10 Most Common Orthopedic Injuries
Our bodies hold up to a lot of wear and tear, but that doesn’t mean we are infallible. Orthopedic – bones and muscles – injuries are some of the most common injuries that doctors see in their offices, but they’re not just all bone breaks or muscle cramps.
Here are the 10 most common orthopedic injuries, as well as what to expect if you’re suffering from any of them:
1. Wrist fracture. Falling, sports, and even dancing accidents can result in a distal radius fracture. Sometimes, a cast is all that is needed. In other cases, surgery is required to stabilize the small bones.
2. Shoulder dislocation. It is rare for people to have shoulders that dislocate easily (called subluxation), but it can happen from accidents, sports, or other contact injuries. Once a shoulder dislocates, another dislocation is very possible. In severe cases, surgery may be needed.
3. Stress fractures. These fractures rarely get diagnosed because people do not experience the same level of pain as a traditional “break.” These occur from too much stress and muscle wear. They most commonly happen in the feet and ankle. Rest and sometimes surgery are required to fix them.
4. Ankle and foot sprains. It’s expected that almost 2 million people sprain their ankle each year, making it highly common. Usually, rest, ice and compression are good enough to fix it, but sometimes the damage may injure ligaments and tendons which will require more treatment.
5. “Tennis elbow.” You don’t have to play tennis to get this injury; any repetitive, weight-bearing movement of your wrist and arm can do it. The tendons around the elbow get irritated, causing pain. Usually rest is the best way to alleviate the problem.
6. ACL tear. The ACL is a main ligament on your knee and can be torn when you make any abrupt, awkward turns with your knee. Pain and instability when standing are the big signs. Rest and physical therapy may help your ACL heal, but severe tears will require surgery.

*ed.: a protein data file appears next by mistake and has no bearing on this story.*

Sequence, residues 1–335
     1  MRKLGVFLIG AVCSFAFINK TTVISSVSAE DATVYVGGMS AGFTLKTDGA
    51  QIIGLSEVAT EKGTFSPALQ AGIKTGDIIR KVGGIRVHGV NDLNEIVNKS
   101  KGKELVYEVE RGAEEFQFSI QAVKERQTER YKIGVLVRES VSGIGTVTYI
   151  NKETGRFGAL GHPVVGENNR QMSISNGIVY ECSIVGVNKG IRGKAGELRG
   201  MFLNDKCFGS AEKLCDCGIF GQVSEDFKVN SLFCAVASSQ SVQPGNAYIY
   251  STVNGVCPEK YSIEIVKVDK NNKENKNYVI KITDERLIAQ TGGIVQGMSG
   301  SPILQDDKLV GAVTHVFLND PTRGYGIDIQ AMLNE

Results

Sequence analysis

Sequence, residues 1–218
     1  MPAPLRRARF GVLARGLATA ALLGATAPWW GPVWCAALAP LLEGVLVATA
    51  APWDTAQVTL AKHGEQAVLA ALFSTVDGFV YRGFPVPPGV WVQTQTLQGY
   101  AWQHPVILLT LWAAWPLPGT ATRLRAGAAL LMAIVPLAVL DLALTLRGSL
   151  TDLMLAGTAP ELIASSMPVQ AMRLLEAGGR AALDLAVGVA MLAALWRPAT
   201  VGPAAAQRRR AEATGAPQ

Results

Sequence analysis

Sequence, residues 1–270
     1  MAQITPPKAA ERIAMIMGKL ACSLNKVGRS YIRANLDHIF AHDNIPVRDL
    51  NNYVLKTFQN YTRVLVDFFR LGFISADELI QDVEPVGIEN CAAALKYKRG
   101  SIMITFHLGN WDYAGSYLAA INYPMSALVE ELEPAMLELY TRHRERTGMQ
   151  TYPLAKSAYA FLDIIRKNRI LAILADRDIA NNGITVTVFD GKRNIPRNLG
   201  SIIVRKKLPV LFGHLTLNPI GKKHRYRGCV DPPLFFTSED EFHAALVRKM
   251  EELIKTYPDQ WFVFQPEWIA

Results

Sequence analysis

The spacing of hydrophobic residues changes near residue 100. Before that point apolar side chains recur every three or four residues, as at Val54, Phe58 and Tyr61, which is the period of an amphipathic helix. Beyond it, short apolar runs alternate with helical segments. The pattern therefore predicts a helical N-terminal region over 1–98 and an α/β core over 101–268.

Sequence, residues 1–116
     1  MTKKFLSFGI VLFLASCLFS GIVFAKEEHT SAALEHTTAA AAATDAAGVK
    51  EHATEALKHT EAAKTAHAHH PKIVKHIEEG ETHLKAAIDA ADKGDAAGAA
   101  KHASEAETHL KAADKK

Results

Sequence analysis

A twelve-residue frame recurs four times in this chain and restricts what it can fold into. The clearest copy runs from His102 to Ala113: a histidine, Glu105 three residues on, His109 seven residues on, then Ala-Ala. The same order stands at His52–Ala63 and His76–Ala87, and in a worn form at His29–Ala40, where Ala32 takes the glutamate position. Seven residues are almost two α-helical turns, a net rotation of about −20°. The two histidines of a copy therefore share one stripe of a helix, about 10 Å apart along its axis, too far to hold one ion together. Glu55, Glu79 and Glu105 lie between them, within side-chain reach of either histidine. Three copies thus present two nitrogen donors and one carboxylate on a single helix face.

7. Plantar fasciitis. The plantar fascia is the ligament attached to the toes and heel of your foot. When it’s stressed, it causes severe pain, swelling, etc. There are some surgical options, but better shoes, rest, and decreased activity are the first options.
8. Rotator cuff tear. Your shoulder has a rotator cuff that allows it to move in circular motions. If that rotator cuff gets stressed, it can tear, resulting in severe pain and restricted movement. Depending on the degree of the tear, rest and a brace can help. Sometimes, surgery is required.
9. Carpal tunnel. If you type a lot or use your hands/arms for repetitive movements, the ligaments and tendons in your hand may get inflamed. This pinches the nerve in your hand, resulting in pain or tingling. Braces, physical therapy, and medications usually help.
10. Meniscus tear. The cartilage on your knee, called the meniscus, allows for easy movement of your leg. Awkward movements when the foot is planted can cause the meniscus to tear. Physical therapy and rest are the first options for treatment, unless the tear is severe. Then surgery is required.
Orthopedic Corner | Leon Mead MD Orthopedic Doctor | 730 Goodlette Road North, Suite 201 Naples Florida 34102 | Phone: (239) 262-1119